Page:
The role of nutritional factors in contributing to diabetes risk has been the subject of research for several years. However, the focus on micronutrients particularly vitamins has been a more recent phenomenon. While most of the research has focused on vitamin D, the interest in vitamin B12 as a modulator of diabetes risk has been growing and the link reportedly getting stronger.

The question of whether vitamin B12 deficiency is associated with risk of future diabetes is an important question to ask in our country as a large section of our population is pure vegetarian and is thus prone to deficiency of this vitamin. In fact, vitamin B12 deficiency is widely prevalent in our country affecting 47% of our population [1]. A recent study from South India in urban individuals reported that the prevalence of absolute and borderline vitamin B12 deficiency was over 50% [2]. Vitamin B12 levels decreased as the level of glucose intolerance increased and the proportion of those with vitamin deficiency increased with increasing severity of glucose intolerance, more so among males and vegetarians [2].

The association of vitamin B12 deficiency with hyperhomocysteinemia [3] and other metabolic abnormalities such as insulin resistance and dyslipidemia [4] has been known for a while. Also, hyperhomocysteinemia has been well recognized as a cardiovascular (CV) risk factor [4]. A recent study from North India in rural subjects [5] found positive correlation of vitamin B12 levels and low HDL levels although the possible mediation by homocysteine could not be confirmed. Also, no significant relationship between vitamin B12 levels and any of the other lipid parameters and between hyperhomocysteinemia and any of the obesity or lipid parameters was found. Whether vitamin B12 could also mediate diabetes risk is not known and is currently being investigated.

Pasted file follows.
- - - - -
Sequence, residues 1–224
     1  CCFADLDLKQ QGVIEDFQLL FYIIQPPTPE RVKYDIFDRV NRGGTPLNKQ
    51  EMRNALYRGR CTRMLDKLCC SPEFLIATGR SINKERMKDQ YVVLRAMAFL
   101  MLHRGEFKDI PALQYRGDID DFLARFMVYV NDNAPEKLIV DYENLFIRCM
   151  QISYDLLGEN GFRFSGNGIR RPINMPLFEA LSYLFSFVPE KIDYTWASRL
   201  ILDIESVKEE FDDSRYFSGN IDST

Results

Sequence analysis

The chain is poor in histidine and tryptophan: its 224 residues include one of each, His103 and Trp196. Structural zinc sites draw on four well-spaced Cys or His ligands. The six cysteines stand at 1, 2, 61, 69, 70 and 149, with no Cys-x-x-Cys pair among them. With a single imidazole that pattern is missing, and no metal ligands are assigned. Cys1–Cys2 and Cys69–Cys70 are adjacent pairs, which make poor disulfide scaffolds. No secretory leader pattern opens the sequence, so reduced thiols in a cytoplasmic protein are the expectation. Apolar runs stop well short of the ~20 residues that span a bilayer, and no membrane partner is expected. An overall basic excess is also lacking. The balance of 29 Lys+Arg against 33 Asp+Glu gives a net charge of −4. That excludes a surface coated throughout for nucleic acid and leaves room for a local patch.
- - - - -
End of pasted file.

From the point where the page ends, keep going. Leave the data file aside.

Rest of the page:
Evidence for a possible role of vitamin B12 deficiency in enhancing diabetes risk comes mainly from studies on pregnant women and their offspring and from studies using nutrigenetic approaches.

Studies from western India [6] suggest that low vitamin B12 levels in pregnancy are associated with obesity. These have focused our attention on the potential role of maternal undernutrition on maternal and fetal obesity and insulin resistance. The effects of low vitamin B12 levels on obesity and insulin resistance in pregnant women have been confirmed in a study from the UK [7]. Another study from the UK [8] has also shown that maternal vitamin B12 levels are associated with maternal obesity and risk of gestational diabetes mellitus (GDM). A more recent systematic review in 2019 [3] concluded that vitamin B12 deficiency could be associated with increased risk of GDM. The study included over 1810 pregnant women without GDM and 309 with GDM and showed that GDM patients had lower vitamin B12 levels than non-GDM subjects and that vitamin B12 level predicted GDM (OR 1.81). The results of these studies reinforce the hypothesis that there is a strong association between vitamin B12 and GDM risk. However, more studies would be required to clearly establish any causative link between the two.

Emerging evidence also indicates that vitamin B12 deficiency in the mother has a profound influence on fetal growth and development, and this fetal programming can result in increased obesity, adiposity, and insulin resistance later in life [6]. Studies in the Pune cohort suggest that maternal undernutrition is closely linked to fetal obesity and insulin resistance. These studies also describe the thin-fat Indian babies where the babies were thin but with higher levels of adiposity compared with babies of European origin. Over two-thirds of the mothers of these babies displayed vitamin B12 deficiency. Low B12 levels were also associated with a greater likelihood of adiposity and insulin resistance during childhood [9].Vitamin B12 is known to critically influence several cellular pathways particularly nucleic acid synthesis and gene methylation that is involved in the expression of genes. Some of these pathways may be the basis of fetal metabolic programming that predisposes to insulin resistance in the offspring [6].